I have a couple of uncles I could write about for this subject but I think I will go with my Great Grand Uncle, Edmond Pinard. For those of you who have lived in New Hampshire in the US you may have heard about him. Edmond was born February 27, 1857 in the parish of Sainte Monique, Nicolet, in the province of Quebec. As was the norm for families of that time he came from a family of at least fourteen children. His parents were Louis Theophile Pinard and Agnes Leblanc. His sister, Louise Pinard was my great grandmother.
When I started doing my families history I didn't even know the names of my grandparents on my father's side. After contacting a cousin I had met a few times as a child I was given a notebook of information that led me on the right path. I went through it bit by bit finding documentation for the names I had been given and eventually I found Edmond.
I was directed by an Internet contact I had made to look up the town of Pinardville, New Hampshire. There was Edmond. He had moved to the Manchester, New Hampshire area in 1873 and a few years later opened up a market on Elm Street. The market was open until 1929. Edmond married Henriette Daigle on November 26, 1883.
Elm Street store ad.
Pinardville came to be when Edmond developed the entire area. It is partially located in West Manchester and partially in Goffstown. He named the streets after family members, Henriette Street after his wife, Theophile and Agnes Streets after his parents and of course Edmond Street and Pinard Street for himself. I have not found any information regarding children he may have had. There are no streets named for them and I think it is unlikely any children they may have had survived.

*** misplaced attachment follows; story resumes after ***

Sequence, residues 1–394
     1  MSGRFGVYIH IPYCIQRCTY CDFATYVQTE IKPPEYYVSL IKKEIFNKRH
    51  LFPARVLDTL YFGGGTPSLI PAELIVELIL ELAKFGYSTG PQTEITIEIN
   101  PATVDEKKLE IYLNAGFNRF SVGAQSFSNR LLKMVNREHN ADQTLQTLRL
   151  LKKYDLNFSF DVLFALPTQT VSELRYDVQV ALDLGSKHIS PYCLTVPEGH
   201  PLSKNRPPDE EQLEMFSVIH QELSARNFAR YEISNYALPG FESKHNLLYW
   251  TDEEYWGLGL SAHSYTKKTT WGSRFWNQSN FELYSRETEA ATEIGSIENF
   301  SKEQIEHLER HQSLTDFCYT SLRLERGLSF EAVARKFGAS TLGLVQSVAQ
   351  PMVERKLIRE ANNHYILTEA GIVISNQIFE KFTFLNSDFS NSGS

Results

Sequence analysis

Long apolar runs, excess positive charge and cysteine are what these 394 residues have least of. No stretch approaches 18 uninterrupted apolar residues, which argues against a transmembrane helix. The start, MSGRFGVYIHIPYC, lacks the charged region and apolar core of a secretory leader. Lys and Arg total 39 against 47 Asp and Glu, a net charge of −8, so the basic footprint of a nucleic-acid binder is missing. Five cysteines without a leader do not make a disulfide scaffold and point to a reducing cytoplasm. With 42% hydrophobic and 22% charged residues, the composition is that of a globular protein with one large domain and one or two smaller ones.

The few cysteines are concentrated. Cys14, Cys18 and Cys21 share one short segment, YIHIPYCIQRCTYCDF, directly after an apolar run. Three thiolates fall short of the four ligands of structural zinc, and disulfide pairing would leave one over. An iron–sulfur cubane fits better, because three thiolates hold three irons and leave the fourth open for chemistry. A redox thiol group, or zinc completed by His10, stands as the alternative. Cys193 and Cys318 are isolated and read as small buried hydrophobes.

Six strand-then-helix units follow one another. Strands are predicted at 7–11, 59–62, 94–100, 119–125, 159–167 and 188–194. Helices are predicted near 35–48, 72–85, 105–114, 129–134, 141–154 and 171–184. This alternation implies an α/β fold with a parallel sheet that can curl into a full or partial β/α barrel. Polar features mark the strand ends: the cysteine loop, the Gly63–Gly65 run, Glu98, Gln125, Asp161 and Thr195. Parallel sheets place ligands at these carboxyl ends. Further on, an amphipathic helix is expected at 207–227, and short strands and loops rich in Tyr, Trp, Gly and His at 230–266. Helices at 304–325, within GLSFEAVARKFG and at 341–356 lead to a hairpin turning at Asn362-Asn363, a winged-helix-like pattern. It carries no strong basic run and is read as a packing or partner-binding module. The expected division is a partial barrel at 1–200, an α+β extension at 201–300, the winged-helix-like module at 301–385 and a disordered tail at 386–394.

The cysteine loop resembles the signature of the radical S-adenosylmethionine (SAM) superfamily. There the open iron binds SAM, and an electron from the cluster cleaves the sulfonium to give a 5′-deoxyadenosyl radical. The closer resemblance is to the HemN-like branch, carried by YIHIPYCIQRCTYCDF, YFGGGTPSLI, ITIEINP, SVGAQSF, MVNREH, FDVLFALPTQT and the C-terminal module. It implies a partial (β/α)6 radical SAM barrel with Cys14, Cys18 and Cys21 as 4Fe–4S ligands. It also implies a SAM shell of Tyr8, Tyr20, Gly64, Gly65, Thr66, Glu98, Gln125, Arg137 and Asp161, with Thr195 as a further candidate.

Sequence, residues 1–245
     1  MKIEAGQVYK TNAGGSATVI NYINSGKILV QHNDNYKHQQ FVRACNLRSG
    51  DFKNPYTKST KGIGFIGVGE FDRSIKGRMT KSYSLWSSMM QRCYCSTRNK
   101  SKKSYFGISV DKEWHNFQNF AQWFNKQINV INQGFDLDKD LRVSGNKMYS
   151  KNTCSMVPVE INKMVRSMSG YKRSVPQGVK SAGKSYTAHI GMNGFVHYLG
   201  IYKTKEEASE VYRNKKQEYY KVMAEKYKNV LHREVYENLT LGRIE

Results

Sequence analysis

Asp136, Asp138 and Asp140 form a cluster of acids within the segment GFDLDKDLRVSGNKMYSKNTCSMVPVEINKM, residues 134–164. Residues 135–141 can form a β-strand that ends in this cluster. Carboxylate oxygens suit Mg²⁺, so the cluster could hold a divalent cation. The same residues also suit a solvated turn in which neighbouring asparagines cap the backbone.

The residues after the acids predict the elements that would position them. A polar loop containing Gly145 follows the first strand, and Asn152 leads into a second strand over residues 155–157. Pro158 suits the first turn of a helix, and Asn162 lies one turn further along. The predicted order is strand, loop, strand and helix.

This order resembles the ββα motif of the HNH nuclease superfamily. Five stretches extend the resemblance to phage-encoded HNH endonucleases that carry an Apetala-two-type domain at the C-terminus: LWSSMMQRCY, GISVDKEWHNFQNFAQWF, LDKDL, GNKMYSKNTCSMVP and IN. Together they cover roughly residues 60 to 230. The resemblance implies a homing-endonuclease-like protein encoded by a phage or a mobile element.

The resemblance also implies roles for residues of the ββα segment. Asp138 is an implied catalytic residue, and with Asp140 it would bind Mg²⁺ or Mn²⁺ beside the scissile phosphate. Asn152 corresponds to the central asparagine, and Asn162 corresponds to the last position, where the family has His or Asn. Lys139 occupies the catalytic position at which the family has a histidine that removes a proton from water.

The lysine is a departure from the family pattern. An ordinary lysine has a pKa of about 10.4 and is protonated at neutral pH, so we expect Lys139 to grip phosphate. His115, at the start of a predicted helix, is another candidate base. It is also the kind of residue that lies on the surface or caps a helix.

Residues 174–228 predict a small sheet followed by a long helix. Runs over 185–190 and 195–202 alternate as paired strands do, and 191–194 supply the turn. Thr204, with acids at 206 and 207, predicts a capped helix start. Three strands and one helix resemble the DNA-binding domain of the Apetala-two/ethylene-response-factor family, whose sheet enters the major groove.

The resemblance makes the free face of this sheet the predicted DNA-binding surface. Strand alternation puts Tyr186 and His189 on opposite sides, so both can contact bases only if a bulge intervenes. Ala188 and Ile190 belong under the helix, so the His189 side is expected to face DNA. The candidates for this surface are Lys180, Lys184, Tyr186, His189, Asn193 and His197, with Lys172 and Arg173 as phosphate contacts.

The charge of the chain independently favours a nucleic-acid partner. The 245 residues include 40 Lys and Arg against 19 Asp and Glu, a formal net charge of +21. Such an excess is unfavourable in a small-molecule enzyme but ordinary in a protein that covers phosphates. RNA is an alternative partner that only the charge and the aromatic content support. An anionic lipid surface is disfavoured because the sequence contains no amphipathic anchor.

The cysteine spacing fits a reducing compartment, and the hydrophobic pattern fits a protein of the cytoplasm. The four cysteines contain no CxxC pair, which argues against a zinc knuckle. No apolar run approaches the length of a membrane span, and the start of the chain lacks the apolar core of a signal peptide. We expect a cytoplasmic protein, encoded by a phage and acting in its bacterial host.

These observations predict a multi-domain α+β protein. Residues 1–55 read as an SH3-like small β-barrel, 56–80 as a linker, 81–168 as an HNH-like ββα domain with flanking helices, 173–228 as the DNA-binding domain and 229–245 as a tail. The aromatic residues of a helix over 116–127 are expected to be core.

St. Edmond's school.
In June, 1906 Edmond submitted plans for the layout of the streets and his intentions to develop his holdings. He then built a store at the corner of Mast Road and Pinard Street to service the people who had bought his building lots.
St. Edmond's church and school were built on 12 lots of land Edmond donated in 1911.
Pinardville Ice House on Mystic Creek
During this time of development and growth I can not find Edmond or his wife on the 1900 census for the area. Perhaps they were back in Canada for a short time. They were in New Hampshire in 1910 and had their niece, Virginia living with them. I also had no luck finding them on the 1920 or 1930 censuses. There may have been a reason they were not on the censuses after 1910. Apparently in 1915 there was another attempt to dis-annex Pinardville from Goffstown with a bill introduced to the legislature. It had little support and never came to a vote. I think Edmond may have been angry with the powers that be and may have purposely stayed out of the censuses in protest.
Edmond died in Pinardville, New Hampshire December 13, 1933.
Note: I have posted on Edmond Pinard before but this post is part of a Carnival of Genealogy blog that has asked for a story on Uncles.